Welcome to the Fifth Quarter, the only NFL recap column you’ll ever need. It’s the only one to provide a full day’s supply of Vitamin C, after all. Here’s what was going on around the rest of the league while you were selfishly focused on your home team and your fantasy players.
They are the NFL’s version of the walking dead, players whose names you recognize but whose games you loathe. Maybe they never achieved the promise they’d shown in college; maybe you drafted them thinking that one three-touchdown performance was trend, not fluke. Whatever, they infect NFL rosters all across the league … but for one day, at least, three of the Walking Dead rose up and played some darn impressive football.
• Reggie Bush of Detroit remains one of the few men to encounter a Kardashian in the wild and live to tell the tale. Compared to that, Detroit must have seemed like a Bermuda beach. Bush put up 191 yards of total offense, including a 77-yard touchdown sprint in the third quarter. It’s not often you can outshine Adrian Peterson on the same field, but Reggie Bush did, and yes, we’re as scared of this strange new world as you are.
• Terrelle Pryor was only named the Raiders’ starter when the team realized it actually did need to field a quarterback. Amazingly, he played well, and not in the usual “at least he didn’t set himself on fire in the huddle” standard that we have for most Oakland players. He threw for 217 yards and a touchdown and ran for a team-record 112, and the Raiders darn near shocked the Colts. Pryor’s two interceptions were a real problem, but at least he’s got some good to go with the bad. Baby steps.
• Tyrann Mathieu didn’t even get the chance to play in the NFL before he was labeled a washout thanks to his, uh, recreational habits while at LSU. But Mathieu promised to turn himself around, and in his NFL debut for Arizona on Sunday, he turned in a fine effort, including a touchdown-saving fumble force on Jared Cook pictured above. Let’s hope Tyrann celebrated wisely.
Granted, all three of these cats may regress to the team-killing mean next week. Lord knows they’ve done it before, time and time and time again. But at least guys like Shonn Greene and Rashard Mendenhall have reason to hope again.
Running down the biggest stories of Week 1. We'll try not to catch you offsides.
• Welcome back, Sean Payton. The New Orleans coach returned to the sidelines after a year's suspension related to the payment-for-causing-injury Bountygate scandal, and helped his team engineer an ugly-but-it-still-counts 23-17 win over hated rival Atlanta. Drew Brees was predictably spectacular, throwing for 13 miles or so, but the Saints' defense got a gift from above when Atlanta couldn't convert a last-second charge. We are thrilled that Payton is back on the sidelines and wish him nothing but happiness and good tidings, a sentiment not at all related to Bountygate.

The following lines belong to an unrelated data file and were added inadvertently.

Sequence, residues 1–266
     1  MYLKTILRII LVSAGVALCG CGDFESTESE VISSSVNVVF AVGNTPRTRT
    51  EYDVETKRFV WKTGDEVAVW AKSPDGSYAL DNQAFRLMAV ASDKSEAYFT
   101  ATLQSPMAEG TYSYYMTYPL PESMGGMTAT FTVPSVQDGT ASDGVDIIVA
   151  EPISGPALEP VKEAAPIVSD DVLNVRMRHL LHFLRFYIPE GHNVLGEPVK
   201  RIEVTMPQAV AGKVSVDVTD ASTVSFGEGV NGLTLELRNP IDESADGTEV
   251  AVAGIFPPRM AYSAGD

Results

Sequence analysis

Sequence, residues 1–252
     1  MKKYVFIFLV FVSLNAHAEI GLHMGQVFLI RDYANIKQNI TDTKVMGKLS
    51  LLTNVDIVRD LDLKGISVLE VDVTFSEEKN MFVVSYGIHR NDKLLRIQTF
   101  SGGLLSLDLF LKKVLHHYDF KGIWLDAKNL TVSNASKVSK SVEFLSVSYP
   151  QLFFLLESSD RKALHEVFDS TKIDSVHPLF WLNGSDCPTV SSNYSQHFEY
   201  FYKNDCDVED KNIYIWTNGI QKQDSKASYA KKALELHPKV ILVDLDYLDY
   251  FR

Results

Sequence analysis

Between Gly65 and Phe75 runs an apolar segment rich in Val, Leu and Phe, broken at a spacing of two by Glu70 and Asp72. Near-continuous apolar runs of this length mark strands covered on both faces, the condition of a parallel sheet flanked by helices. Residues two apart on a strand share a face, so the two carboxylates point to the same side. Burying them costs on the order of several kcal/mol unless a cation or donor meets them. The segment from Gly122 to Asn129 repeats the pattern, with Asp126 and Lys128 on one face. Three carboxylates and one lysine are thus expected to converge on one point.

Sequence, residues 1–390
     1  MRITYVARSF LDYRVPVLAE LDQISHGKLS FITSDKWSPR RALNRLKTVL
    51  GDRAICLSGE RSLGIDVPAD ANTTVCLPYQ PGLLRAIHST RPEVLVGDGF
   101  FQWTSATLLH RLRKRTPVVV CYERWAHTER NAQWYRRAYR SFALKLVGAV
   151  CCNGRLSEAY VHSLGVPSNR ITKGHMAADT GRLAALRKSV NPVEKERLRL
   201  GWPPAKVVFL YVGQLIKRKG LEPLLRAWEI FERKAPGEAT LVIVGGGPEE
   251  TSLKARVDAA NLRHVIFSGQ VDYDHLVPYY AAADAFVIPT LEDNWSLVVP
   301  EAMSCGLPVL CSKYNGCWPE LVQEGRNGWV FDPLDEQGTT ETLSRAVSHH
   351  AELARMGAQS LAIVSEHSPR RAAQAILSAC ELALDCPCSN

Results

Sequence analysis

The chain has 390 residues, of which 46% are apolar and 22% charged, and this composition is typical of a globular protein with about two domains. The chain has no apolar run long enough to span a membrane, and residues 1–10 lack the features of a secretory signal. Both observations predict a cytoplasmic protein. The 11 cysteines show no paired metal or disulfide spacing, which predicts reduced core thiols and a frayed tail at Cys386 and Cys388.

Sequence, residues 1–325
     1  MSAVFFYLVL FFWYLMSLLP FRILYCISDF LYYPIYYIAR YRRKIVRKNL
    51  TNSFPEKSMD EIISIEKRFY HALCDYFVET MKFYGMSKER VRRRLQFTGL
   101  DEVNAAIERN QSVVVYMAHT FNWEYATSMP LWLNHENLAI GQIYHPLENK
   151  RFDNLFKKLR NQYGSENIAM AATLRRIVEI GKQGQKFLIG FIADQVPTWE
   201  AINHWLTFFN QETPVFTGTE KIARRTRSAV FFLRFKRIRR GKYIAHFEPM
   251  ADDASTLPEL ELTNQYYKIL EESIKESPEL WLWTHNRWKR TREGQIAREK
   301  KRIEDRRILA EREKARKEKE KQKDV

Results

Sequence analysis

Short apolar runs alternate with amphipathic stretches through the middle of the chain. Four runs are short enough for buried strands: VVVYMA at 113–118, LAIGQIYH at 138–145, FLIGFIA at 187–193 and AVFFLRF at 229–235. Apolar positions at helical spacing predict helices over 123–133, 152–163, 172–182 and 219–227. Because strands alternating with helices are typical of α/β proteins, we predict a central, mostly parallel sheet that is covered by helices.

• Tom Brady, luckiest man alive. As long as Tom Brady and Bill Belichick are together in New England, they're a lock to be a playoff threat. They seem like the kind of duo that could take any collection of clowns off the street and win an NFL game, and they proceeded to do exactly that on Sunday with a closer-than-it-should-have-been last-second 23-21 win over Buffalo. Play your cards right, Pats fans, and you too could be a New England receiver at some point this season.
• The Packers hate the West. A year after getting (possibly) screwed by replacement refs in a classic game against Seattle, the Packers got legitimately screwed by the real refs in Sunday's epic 49ers battle. A referee mistakenly gave San Francisco an extra down after offsetting penalties, and Colin Kaepernick used it to throw a touchdown pass to Anquan Boldin. Margin of victory for San Francisco? Six points. Yeah.
• Stupidity works in the Jets' favor? What world is this? If we'd said that a game would be decided on a moronic roughing-the-passer penalty, you'd have bet the mortgage on it being the Jets game, and you'd have won a second mortgage. But then you'd have lost your new winnings by betting on it being the Jets actually committing the penalty. No, believe it or not, somebody else did something dumber than Gang Green this week: Tampa Bay's Lavonte David, who shoved Jets QB Geno Smith out of bounds, giving New York a shot at a game-winning field goal. Amazingly, the Jets didn't kick the ball straight into the turf, escaping with an 18-17 win.